Healer Needed for World Health Body

See allHide authors and affiliations

Science  09 Jan 1998:
Vol. 279, Issue 5348, pp. 166-169
DOI: 10.1126/science.279.5348.166

You are currently viewing the summary.

View Full Text

Log in to view the full text

Log in through your institution

Log in through your institution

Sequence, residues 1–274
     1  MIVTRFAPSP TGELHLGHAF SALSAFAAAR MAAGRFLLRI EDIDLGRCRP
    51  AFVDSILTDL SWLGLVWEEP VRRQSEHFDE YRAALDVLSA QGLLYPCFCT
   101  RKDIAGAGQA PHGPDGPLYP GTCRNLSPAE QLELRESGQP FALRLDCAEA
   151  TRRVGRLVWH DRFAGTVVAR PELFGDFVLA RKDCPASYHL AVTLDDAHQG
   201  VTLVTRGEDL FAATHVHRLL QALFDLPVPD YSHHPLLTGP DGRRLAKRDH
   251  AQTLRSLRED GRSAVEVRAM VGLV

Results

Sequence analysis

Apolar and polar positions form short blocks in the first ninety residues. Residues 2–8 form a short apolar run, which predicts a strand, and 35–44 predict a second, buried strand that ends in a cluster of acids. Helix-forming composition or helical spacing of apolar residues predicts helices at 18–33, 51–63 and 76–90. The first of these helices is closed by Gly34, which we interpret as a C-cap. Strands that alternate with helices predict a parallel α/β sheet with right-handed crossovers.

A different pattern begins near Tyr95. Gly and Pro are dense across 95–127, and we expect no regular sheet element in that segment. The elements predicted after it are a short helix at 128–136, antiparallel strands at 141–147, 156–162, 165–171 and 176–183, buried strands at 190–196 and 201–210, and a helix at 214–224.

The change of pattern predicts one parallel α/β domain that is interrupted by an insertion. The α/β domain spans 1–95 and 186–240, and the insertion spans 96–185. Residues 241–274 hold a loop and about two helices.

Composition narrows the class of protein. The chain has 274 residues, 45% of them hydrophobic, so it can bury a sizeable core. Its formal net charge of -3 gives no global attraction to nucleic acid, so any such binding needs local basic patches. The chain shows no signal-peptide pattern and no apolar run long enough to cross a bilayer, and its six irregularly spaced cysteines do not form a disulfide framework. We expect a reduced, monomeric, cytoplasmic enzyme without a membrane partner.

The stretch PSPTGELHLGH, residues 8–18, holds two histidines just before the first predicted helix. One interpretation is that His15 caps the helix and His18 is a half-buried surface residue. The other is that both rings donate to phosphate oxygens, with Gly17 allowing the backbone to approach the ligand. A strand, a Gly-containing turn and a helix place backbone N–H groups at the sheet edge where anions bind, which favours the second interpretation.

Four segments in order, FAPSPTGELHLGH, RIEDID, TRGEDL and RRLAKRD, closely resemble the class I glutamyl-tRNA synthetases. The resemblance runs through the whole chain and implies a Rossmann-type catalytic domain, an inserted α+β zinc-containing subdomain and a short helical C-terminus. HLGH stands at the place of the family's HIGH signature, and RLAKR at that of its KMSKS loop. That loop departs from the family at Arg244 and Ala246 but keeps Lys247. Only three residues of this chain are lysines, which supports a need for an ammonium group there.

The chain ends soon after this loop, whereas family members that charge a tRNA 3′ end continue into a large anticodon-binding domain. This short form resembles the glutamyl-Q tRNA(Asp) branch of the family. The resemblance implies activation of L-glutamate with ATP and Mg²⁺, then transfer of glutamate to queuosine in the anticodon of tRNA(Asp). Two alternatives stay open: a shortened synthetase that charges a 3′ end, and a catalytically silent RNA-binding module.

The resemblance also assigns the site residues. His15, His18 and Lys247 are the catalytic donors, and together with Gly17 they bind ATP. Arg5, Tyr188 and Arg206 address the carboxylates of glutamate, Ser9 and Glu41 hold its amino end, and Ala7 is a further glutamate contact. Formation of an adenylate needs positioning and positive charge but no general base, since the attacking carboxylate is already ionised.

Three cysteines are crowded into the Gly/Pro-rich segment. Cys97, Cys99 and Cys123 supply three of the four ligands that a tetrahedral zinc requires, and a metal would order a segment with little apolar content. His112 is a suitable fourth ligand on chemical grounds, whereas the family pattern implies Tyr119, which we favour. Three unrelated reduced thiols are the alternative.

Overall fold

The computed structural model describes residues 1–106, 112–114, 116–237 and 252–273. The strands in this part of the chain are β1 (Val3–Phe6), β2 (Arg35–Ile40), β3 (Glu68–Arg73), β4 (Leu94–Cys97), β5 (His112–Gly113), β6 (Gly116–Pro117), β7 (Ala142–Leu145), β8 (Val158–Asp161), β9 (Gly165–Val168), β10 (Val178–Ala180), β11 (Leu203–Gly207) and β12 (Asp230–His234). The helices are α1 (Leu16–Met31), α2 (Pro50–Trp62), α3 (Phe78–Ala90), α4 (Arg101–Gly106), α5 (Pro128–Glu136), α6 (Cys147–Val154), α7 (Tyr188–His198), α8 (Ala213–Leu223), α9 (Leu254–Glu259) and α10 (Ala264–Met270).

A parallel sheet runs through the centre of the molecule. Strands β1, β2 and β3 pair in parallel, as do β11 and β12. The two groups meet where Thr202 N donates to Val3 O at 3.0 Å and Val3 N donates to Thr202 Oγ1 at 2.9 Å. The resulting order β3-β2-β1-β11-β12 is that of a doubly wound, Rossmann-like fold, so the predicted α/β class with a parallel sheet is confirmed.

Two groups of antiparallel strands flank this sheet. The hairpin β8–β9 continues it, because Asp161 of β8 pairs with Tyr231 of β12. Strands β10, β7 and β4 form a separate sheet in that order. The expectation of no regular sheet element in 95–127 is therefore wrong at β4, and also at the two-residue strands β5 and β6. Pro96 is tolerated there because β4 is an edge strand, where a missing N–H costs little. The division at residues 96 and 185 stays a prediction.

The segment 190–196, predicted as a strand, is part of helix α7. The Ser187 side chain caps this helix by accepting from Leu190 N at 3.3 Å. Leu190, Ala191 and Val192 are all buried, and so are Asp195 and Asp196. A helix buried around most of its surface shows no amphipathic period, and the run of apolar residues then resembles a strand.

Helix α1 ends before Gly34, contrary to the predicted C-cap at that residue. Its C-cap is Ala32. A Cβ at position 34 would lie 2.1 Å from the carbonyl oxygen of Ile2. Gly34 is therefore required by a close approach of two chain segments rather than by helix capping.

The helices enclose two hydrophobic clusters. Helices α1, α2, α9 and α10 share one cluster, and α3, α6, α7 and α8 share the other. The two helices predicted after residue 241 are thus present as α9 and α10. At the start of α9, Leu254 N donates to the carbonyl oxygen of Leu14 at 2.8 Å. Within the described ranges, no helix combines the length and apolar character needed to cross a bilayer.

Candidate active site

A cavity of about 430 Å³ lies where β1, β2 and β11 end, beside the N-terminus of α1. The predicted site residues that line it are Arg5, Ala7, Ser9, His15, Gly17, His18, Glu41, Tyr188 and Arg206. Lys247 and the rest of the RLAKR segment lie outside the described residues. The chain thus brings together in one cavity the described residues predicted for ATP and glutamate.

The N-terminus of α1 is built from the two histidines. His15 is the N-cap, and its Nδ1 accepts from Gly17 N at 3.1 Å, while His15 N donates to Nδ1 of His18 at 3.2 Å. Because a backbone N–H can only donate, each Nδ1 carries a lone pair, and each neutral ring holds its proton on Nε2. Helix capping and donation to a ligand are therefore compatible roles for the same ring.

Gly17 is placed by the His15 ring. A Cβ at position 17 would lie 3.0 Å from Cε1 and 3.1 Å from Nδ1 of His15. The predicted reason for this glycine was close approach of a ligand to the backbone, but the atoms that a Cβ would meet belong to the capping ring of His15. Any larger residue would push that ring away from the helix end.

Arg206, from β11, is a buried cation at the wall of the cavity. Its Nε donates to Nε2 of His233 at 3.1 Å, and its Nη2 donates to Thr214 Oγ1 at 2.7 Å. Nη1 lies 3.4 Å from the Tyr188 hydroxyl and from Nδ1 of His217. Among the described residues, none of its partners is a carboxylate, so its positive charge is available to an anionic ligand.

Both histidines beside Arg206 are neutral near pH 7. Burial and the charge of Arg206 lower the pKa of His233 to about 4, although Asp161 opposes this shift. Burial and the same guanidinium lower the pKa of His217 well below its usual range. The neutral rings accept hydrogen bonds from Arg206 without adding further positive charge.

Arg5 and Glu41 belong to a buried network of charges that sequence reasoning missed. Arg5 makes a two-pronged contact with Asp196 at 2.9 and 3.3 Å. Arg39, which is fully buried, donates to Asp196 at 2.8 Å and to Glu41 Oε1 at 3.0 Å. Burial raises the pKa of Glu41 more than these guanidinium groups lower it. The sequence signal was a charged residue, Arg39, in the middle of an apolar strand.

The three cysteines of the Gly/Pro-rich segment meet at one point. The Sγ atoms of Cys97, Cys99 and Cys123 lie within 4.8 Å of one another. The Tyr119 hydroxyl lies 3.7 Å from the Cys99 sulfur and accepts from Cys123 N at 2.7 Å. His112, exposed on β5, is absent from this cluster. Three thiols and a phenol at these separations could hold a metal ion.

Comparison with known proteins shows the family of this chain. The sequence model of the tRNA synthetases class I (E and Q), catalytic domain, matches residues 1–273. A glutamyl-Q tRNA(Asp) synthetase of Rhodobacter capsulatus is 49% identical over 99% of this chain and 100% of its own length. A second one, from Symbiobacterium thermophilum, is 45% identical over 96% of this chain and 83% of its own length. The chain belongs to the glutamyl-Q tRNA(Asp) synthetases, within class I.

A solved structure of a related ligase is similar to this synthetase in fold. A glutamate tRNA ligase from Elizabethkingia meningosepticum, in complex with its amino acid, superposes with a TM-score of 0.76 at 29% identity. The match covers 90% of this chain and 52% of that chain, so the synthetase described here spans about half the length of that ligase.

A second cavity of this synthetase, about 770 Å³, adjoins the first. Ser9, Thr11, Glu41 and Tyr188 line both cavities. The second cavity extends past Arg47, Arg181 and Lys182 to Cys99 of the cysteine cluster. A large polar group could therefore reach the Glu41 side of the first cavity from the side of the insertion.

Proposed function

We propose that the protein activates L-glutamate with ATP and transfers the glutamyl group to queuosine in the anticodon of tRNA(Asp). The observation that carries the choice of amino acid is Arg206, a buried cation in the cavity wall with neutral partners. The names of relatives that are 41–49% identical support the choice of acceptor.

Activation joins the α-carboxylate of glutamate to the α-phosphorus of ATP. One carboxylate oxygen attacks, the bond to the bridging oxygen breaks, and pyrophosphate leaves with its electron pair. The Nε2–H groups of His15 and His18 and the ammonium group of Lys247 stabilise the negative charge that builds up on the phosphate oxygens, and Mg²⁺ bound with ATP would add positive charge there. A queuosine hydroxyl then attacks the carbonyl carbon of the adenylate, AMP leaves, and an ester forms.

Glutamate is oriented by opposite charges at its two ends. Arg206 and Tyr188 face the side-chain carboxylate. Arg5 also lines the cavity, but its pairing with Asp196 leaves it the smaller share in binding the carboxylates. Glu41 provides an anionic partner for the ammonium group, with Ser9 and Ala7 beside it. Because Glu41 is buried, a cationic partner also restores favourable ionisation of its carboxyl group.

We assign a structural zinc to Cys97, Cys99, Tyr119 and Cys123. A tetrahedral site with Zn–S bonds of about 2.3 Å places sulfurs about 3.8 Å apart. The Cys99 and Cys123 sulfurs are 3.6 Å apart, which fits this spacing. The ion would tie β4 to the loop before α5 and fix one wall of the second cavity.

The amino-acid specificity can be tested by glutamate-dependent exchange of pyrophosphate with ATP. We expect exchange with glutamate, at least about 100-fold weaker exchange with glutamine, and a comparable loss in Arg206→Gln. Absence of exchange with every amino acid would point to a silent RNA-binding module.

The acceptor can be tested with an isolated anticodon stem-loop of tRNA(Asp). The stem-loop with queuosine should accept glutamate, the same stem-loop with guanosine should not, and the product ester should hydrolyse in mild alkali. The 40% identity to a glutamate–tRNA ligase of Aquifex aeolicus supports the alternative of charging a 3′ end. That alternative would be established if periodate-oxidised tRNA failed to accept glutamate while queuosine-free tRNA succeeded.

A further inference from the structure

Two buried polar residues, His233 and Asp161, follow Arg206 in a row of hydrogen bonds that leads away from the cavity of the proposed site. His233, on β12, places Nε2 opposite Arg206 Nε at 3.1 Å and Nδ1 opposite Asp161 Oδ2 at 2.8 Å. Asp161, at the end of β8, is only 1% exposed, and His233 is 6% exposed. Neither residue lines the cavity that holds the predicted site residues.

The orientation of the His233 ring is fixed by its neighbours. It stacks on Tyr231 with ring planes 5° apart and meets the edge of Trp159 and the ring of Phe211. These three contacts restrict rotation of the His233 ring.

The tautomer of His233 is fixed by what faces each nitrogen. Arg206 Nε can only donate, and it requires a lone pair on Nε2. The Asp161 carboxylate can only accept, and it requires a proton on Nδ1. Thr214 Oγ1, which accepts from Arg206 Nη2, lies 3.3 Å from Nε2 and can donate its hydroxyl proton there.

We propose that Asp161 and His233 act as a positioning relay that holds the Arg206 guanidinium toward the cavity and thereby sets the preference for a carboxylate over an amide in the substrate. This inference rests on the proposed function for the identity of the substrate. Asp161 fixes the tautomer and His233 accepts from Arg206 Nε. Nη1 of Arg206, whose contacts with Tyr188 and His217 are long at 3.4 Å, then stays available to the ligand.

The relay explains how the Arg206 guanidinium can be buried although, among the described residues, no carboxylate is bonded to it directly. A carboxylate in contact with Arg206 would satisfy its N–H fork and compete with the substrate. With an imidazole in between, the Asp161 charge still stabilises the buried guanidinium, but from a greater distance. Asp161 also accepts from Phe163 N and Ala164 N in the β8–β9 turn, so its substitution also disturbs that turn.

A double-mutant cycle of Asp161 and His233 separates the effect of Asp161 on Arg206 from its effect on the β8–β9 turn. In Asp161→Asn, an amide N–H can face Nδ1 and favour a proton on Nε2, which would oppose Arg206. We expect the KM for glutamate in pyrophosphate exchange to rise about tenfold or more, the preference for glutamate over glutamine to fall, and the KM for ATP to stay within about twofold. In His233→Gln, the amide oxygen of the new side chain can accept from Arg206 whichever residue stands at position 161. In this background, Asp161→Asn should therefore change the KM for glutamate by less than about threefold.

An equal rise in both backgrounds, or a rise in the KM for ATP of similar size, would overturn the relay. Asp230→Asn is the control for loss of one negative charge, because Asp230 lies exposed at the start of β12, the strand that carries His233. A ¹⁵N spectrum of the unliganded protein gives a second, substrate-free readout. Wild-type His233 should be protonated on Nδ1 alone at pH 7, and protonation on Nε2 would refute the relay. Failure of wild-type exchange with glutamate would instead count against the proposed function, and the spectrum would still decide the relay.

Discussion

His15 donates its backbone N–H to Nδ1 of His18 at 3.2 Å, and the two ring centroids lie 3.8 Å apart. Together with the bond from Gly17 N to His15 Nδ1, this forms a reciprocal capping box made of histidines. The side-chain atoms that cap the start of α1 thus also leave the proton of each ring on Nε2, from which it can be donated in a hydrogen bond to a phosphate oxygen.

GENEVA-- As the World Health Organization (WHO) prepares to choose a new leader later this month, public health experts are hoping for somebody who will bring a new vision to an agency that many think has lost its way. The new leader will replace Hiroshi Nakajima of Japan, whose 10-year stewardship of WHO comes to an end in July. The election comes at a critical turning point for WHO. The world's health landscape has changed over the past decade, and many believe the agency has not changed with it. Its narrow, disease-based approach is sometimes seen as too simplistic; its support is not always going to the countries that need it the most; and while member nations are attempting to interfere in its workings and some are arbitrarily withholding funds, other agencies not usually connected with health are muscling in on its territory. Such problems have mounted in recent years, and health experts both within WHO and outside it believe that the new director-general will have a tough job getting the organization back on track.